Monday, March 23, 2009

Review of Heroes of the Valley by Jonathan Stroud

Heroes of the Valley by Jonathan Stroud. Disney/Hyperion, 2009.

Halli Sveinson, aged 14, is the second son in one of the 12 main houses in the Valley. Somewhat squat – his short legs are a running joke – and swarthy, he is a trickster and a trouble-maker from birth. Brought up on tales of the Heroes, including his own ancestor Svein, who rid the Valley of the man-eating Trows untold years ago, he chafes at his boring, placid, rural life.

When an annual Gathering of representatives from all the Houses is held at the House of Svein, previous bad blood between Halli’s reprobate uncle Brodir and the leaders of the House of Hakon leads to Brodir’s murder at the hands of one of the Hakonssons. Halli, who witnesses the murder, is horrified when he realizes that all his family will do to get revenge is demand land of the Hakons through the Valley justice system. His blood is hot with the need for more visceral and bloody justice, and so he leaves his remote part of the Valley for the first time and journeys all the way to the House of Hakon to mete out his own punishment.

It’s a darn good thing that one other significant thing happened at the Gathering – Halli met a girl about his own age named Aud, only daughter of the head of the House of Arne. Her caustic manner of speaking is balanced by her common sense, curiosity, and basic decency. As Halli is himself a decent sort of guy despite his tendency to act without thinking, they get along instantly – and Aud saves Halli from disaster any number of times. Her presence during the final battle scene (a scene that manages to be both unspeakably grisly and ridiculously funny) prevents Halli from suffering a most gruesome death and removes a huge threat from the Valley once and for all.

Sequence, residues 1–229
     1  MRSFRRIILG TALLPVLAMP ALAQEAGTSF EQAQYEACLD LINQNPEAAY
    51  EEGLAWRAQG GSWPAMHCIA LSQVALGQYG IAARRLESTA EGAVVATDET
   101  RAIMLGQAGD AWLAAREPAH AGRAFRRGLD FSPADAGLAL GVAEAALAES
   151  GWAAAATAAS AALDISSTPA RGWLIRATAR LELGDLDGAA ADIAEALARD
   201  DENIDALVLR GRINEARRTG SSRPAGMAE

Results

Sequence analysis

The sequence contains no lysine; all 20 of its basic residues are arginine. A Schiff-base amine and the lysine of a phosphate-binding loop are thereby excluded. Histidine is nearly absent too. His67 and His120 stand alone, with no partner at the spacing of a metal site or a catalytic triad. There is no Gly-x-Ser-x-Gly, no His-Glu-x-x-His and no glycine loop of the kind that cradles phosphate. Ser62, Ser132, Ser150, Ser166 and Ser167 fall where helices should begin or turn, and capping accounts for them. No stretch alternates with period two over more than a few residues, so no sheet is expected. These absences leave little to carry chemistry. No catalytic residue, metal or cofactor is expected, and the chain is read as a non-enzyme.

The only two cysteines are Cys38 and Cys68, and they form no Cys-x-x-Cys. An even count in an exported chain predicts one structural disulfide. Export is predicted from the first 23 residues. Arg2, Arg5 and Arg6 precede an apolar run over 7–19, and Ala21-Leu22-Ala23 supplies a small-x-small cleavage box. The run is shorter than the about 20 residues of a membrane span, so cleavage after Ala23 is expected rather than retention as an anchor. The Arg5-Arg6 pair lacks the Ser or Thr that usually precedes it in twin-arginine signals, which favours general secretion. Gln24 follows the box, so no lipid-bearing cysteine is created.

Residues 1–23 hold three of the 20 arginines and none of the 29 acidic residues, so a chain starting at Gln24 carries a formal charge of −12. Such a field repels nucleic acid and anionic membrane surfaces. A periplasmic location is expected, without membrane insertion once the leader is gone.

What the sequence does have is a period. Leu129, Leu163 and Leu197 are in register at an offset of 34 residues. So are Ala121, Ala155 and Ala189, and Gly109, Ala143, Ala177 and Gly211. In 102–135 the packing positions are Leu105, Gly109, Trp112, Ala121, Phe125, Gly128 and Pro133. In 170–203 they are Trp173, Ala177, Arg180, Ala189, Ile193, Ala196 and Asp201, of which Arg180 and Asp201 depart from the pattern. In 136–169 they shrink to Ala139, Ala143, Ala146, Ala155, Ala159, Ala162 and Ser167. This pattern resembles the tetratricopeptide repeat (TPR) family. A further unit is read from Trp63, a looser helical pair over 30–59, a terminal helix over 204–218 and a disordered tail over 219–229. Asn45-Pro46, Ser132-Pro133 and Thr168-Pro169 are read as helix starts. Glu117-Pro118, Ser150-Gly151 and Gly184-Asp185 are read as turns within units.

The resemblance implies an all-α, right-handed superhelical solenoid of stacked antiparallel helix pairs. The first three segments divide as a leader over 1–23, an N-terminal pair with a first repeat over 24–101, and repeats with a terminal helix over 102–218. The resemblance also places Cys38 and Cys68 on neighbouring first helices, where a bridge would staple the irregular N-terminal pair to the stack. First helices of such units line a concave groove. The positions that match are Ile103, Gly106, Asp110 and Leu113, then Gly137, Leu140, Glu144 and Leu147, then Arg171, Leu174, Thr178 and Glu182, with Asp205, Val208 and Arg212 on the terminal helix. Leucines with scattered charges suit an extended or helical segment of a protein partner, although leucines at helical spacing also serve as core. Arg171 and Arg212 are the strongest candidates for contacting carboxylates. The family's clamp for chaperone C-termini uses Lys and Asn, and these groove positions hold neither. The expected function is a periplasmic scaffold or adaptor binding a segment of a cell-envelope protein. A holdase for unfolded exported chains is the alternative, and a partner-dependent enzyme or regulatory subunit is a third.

Being a big Bartimaeus fan myself, I tore eagerly into Heroes of the Valley. Although it began rather slowly, the more I read, the more I appreciated the slow build-up of tension, character development, and humor. Something about the tongue-in-cheek dryness of the wit is reminiscent of Terry Pratchett, although sometimes it veers into Monty Python territory with wonderful results, especially when the characters of Snorri, a crusty old beet farmer, and Katla, Halli’s old and dismissive nurse, make an appearance.

Halli, the hero of our tale, is not so clear-cut a character. At first he seems like a truly annoying trouble-maker, and in fact he does have a tendency until the end to act impulsively and sometimes idiotically. However, he is rarely mean-spirited, even when being bratty and obnoxious, and he shows true and believable growth throughout the book. When Halli displays real leadership qualities at the end, it makes complete sense, unbelievable as it would have been at the beginning.

Stroud’s Bartimaeus Trilogy was wildly popular with 11 and 12 year olds, particularly boys. Maybe it was the sassy, pompous, over-confident, yet ultimately thoughtful djinni, maybe it was the crazed footnotes, maybe it was the thrilling magic and intriguing setting, or most likely it was a combination of all three. At any rate, it was a trilogy that was right at home in both the children’s and YA sections. This book, lacking the over-the-top goofiness of the Bartimaeus books, skews a bit older and perhaps won’t have their wide appeal. But maybe I’m wrong. Just in case, hand it to as many kids and teens as possible. Some won't take to it - but the lucky ones who do have a real treat in store.

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